Europe’s wildfires are getting steadily worse. Over the course of the past ten years, the EU’s Civil Protection Mechanism has responded to more than forty large-scale forest fire emergencies, with one out of every three requests for assistance going towards wildfire disasters. Climate change is also extending the forest fire season by several months, increasing the likelihood of more wildfire emergencies for European communities going forward. At the same time, the expansion of fire-areas northwards has created new vulnerabilities for many Member States, particularly Sweden, Finland and Denmark.
As European Commissioner for Crisis Management, I am determined to step up all efforts to strengthen our EU-wide response to forest fires this year and into the future. My utmost consideration goes towards minimising the risk that fires pose to the lives and livelihoods of our citizens. To do all this, we must act together now: to help prevent, prepare and respond to forest fire threats this year.
Firstly, prevention has to be the primary priority for us. Efficient resilience measures that reduce the risk of wildfires and other forest-related risks are our best bet for benefiting citizens and environment in the areas prone to the forest fires. To date, the EU has offered significant financial support to local communities to help develop prevention measures. And through our Copernicus Emergency Management Service, we continue to monitor risks in the field. But additional actions will be needed if we are to address growing forest fire threats this year. That is why, together with my colleague Commissioner Virginijus Sinkevičius, in charge of environment and oceans, we recently issued a number of practical guidelines on forest fire prevention, facilitating a better understanding on land-based prevention measures and responses. Our aim is to provide useful advice to all Member States ahead of this year’s forest fires season, specifically on good governance, proper planning, effective forest management and funding opportunities.
Secondly, preparedness is another key element for a swift and effective response operation, knowing that the danger cannot always be prevented. But preparedness takes time for all involved. Building reserves and capacities, for example, is an endeavour of many years. This is why anticipatory actions and foresight are so important, because they enable us to start preparing today for possible events tomorrow. In this regard, we are continuing to meet with national authorities to identify risks for this year’s forest fire season. We are also engaging with forest fire experts to assess preparedness levels at a regional and local level.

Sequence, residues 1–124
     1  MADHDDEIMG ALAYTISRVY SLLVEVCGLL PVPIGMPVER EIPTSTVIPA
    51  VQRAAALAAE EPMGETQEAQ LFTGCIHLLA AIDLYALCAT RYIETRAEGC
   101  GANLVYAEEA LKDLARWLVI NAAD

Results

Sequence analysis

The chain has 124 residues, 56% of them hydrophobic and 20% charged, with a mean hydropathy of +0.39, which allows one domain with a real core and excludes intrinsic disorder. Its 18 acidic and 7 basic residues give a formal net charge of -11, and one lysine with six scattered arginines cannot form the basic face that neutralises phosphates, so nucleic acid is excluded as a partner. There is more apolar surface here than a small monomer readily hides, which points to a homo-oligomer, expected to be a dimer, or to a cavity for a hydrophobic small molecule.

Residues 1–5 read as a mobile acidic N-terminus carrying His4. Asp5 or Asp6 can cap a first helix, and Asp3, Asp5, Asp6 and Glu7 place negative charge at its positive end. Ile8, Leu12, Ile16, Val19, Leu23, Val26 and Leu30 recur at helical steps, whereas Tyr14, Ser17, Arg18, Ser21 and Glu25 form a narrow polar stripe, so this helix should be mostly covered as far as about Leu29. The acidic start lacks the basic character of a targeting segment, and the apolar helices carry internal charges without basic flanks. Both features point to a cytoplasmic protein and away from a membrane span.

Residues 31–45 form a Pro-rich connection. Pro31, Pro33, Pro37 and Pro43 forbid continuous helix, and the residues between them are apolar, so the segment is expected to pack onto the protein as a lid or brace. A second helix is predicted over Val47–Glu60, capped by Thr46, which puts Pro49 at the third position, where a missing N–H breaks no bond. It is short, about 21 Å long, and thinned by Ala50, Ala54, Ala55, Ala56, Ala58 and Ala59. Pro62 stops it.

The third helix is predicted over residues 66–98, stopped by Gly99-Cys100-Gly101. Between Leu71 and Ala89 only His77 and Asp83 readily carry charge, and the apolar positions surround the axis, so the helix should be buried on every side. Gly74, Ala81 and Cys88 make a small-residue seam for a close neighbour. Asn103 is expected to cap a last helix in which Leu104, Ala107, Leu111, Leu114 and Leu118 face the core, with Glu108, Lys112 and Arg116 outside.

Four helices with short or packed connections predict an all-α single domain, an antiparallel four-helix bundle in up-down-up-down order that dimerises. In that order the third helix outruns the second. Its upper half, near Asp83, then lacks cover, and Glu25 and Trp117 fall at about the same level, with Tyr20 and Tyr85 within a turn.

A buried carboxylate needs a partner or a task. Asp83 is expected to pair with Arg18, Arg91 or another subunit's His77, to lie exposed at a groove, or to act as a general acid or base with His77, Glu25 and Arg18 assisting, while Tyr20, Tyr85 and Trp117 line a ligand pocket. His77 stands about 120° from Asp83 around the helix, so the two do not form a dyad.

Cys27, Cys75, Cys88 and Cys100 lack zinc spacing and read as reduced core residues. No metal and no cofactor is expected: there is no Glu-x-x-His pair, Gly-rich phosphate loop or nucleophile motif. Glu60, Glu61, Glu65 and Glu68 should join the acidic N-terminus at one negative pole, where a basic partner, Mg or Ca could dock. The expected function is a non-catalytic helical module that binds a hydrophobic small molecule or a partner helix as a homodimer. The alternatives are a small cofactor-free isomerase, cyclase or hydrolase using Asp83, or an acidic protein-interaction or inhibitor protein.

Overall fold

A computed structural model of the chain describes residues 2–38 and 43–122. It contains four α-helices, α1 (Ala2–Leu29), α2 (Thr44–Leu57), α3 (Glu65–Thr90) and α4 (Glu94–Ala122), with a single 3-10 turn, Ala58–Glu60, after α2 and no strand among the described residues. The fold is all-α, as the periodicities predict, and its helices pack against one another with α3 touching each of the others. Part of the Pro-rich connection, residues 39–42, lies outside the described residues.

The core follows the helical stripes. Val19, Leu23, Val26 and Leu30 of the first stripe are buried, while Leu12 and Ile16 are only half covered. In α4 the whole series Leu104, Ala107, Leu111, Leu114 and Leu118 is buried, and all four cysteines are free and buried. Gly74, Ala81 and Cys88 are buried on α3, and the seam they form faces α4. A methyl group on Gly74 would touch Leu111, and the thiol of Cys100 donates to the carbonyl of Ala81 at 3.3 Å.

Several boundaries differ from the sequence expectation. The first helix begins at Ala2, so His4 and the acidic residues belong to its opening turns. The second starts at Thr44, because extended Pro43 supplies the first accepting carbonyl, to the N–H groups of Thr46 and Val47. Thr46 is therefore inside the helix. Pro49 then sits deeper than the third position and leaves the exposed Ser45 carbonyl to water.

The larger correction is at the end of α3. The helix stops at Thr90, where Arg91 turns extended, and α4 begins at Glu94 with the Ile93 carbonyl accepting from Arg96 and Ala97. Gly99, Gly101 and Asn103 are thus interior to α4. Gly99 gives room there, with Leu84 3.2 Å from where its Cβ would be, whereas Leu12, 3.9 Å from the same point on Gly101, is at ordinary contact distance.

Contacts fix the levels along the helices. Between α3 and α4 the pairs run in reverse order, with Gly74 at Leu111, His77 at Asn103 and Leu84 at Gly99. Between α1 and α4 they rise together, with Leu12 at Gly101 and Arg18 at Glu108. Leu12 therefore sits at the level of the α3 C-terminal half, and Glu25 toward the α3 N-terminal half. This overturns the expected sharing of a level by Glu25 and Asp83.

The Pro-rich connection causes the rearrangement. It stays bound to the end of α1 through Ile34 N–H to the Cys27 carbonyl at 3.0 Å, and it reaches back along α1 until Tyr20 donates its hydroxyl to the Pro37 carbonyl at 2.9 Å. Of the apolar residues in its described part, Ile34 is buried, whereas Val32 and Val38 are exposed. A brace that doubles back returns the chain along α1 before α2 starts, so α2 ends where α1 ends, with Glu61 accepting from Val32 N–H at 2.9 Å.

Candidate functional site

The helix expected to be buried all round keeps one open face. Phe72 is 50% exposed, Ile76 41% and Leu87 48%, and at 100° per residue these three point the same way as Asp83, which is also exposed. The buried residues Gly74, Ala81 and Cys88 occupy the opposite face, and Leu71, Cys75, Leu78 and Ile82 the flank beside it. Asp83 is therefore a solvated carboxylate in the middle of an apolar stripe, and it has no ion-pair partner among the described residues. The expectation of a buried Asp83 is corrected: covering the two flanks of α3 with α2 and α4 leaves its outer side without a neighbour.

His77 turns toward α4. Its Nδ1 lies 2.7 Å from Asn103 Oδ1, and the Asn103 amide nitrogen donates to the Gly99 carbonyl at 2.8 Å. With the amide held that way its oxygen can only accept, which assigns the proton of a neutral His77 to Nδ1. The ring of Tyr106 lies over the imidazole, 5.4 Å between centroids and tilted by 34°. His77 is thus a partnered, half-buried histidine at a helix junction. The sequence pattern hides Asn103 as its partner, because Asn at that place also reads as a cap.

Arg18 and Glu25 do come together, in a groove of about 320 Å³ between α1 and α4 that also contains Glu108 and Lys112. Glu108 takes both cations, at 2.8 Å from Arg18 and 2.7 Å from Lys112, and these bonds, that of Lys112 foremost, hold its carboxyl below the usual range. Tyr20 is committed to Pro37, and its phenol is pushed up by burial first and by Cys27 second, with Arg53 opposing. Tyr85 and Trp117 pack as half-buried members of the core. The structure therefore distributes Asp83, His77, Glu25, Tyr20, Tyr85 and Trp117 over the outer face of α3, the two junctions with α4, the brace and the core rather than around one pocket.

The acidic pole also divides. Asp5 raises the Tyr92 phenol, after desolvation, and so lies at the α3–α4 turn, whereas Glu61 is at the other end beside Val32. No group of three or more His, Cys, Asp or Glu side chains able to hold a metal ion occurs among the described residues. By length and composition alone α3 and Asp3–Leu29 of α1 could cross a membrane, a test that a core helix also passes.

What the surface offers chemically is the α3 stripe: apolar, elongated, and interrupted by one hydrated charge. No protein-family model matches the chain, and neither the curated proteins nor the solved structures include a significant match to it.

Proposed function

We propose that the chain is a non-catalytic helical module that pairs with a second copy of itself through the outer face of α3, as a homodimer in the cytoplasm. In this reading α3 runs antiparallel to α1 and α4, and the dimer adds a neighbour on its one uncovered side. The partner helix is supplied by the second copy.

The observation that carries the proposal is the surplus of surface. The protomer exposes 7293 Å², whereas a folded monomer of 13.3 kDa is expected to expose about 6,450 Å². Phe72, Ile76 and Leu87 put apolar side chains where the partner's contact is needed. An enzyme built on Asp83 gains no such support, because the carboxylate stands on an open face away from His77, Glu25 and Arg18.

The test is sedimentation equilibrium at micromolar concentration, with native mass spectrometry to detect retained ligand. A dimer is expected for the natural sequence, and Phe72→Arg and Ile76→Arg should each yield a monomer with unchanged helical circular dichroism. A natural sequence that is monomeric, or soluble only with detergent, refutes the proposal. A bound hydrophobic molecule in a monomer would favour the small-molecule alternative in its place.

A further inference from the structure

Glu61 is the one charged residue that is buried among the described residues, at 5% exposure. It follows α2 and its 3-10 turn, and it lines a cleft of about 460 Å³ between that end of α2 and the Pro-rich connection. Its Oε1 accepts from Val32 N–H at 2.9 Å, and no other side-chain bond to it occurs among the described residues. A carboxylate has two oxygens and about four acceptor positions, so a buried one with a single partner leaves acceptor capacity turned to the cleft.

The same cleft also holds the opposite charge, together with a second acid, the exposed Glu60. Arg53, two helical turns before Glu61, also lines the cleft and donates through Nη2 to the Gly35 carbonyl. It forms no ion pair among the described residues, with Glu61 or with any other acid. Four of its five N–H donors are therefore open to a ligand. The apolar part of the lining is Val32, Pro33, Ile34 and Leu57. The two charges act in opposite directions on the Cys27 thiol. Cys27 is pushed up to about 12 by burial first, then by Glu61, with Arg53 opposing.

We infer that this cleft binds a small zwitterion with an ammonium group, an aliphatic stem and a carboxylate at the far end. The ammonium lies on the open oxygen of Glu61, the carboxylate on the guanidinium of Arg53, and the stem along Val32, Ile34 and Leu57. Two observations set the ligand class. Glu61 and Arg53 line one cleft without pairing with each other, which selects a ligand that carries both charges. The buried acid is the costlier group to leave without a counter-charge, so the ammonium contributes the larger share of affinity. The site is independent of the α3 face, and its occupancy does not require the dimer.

And thirdly, when wildfires occur, it is important that we respond in a timely manner. We need to stand ready to assist and offer support at a moment’s notice. Part of our response includes the rescEU firefighting fleet, ready to be deployed in times of critical emergencies and disasters. This complements existing resources located on the ground. And provides essential assistance to those living in the most vulnerable regions. For the 2021 forest fire season, our proposed fleet will consist of 17 aircrafts, including 11 aeroplanes and 6 helicopters. It will also be strategically positioned throughout the EU, to tackle fires across all corners of our Union. With these, we will be able to provide an extra layer of protection when fires spiral out of control. And we will be able to ensure that fires do not take the lives of more of our citizens this year.
Ahead of the 2021 forest fire season, we will again attempt to reduce the impact of fires on the environment. And to minimise the threat that wildfires pose to people’s lives and livelihoods. By working closely together at all levels, including through the EU’s Emergency Response Coordination Centre, we will be able to prevent, prepare and respond better to all large-scale forest fire events, both this year and into the future.